News: Two civil servants, a teacher accused of financially supporting OLA, TPLF appear before court in Sidama region


Kanbata Kiwi, Tesfatsion Legesse and Mitiku Belayneh. Photo: Social Media

By Mhret G/kristos @Mercy23187135

Addis Ababa: Two civil servants and a teacher have been brought to a court in Sidama regional state for the second time on 12 October after being accused of financially supporting the armed group Oromo Liberation Army (OLA), commonly referred to as “OLF/Shene”, and the TPLF.

Both the OLA and the TPLF have been labelled as terrorist organizations by the parliament of Ethiopia.

The suspects, Kanbata Kiwi, an employee of Science and Technology Agency of the Southern Nations, Nationalities and Peoples (SNNP) region, Tesfatsion Legesse, an employee of Construction and Design Supervision Authority of the SNNP, and Mitiku Belayneh, a principal at Tabor Mekaneyesus school, were first brought to the court of law on 30 September, according to a family member and an informant who asked to remain anonymous for fear reprisal.

Police said it suspected the individuals of financially supporting the OLA and the TPLF, a party ruling the Tigray Regional state.

The police accuse the suspects of having 30 bank accounts opened under their name and police asked the regional court for 14 days to remand and investigate both, according to Addis Standard’s sources.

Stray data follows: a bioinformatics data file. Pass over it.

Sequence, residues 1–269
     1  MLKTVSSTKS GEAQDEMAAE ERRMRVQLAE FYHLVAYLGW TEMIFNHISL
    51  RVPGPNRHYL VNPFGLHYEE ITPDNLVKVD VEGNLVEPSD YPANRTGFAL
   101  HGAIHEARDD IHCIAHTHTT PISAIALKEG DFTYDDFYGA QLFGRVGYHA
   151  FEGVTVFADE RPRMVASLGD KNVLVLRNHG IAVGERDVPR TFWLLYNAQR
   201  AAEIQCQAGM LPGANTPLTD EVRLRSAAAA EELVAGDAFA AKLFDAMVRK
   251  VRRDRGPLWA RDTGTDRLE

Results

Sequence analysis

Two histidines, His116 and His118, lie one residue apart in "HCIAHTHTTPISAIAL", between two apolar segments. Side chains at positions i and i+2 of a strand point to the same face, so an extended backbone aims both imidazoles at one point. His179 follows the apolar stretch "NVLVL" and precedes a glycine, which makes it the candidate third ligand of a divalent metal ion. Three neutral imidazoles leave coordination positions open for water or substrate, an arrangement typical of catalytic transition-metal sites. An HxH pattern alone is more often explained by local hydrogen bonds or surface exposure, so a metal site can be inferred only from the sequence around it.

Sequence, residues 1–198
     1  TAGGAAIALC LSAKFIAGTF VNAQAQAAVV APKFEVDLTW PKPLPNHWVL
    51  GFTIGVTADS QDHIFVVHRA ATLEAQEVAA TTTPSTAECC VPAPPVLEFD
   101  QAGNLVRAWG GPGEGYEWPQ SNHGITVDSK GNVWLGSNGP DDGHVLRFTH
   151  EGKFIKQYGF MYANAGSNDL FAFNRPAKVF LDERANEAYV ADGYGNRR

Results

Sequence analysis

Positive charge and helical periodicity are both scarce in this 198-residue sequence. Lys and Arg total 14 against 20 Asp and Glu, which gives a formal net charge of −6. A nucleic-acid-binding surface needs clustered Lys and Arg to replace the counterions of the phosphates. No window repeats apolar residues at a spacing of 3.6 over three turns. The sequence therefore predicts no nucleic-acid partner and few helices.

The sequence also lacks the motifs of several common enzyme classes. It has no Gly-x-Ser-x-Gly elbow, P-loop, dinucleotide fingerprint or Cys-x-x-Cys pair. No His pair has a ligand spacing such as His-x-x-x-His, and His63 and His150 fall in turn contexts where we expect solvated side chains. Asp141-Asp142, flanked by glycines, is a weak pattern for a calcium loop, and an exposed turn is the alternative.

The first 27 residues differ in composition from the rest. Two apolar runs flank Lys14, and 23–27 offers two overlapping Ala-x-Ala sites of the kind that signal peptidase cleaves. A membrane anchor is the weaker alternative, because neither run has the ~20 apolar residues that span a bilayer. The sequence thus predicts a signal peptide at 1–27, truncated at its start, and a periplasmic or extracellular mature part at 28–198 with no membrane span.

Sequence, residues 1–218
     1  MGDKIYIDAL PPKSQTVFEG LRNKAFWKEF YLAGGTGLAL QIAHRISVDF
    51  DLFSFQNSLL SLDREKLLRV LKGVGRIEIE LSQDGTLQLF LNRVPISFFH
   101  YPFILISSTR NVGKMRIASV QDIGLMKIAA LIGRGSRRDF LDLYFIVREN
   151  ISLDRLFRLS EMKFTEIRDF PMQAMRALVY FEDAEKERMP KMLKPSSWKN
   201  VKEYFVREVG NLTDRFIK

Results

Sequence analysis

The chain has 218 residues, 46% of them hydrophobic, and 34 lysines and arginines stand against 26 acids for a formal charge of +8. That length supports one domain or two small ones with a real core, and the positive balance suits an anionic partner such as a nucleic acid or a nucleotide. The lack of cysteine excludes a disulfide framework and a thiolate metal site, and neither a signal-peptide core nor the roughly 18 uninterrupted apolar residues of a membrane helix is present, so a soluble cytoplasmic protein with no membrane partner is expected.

The first and second suspects on their part told the court that they were arrested without court order by individuals in civil clothes and been detained for six days at a place called Change in a police camp before they were brought to court. The third suspect also said he was detained at the camp for two days before he was brought to court.

All the three individuals have denied having links with OLA and TPLF and dismissed the police’s accusation of having 30 bank accounts under their name as fabrication. They asked to be released on bail.

Having said the six days detention of the two suspects illegal, the Hawassa City High court had allowed police to finalize its investigation within 10 days and adjourned their case until 10 October. However the accused have not been brought to court as a result of the unrest that occurred in Hawassa city following the collapse of a bridge that links two campuses of the Hawassa University.

The court allowed the police seven additional days to finalize its investigation and ruled for the suspects to remain in custody until the next hearing which is re-adjourned until 19 October. AS


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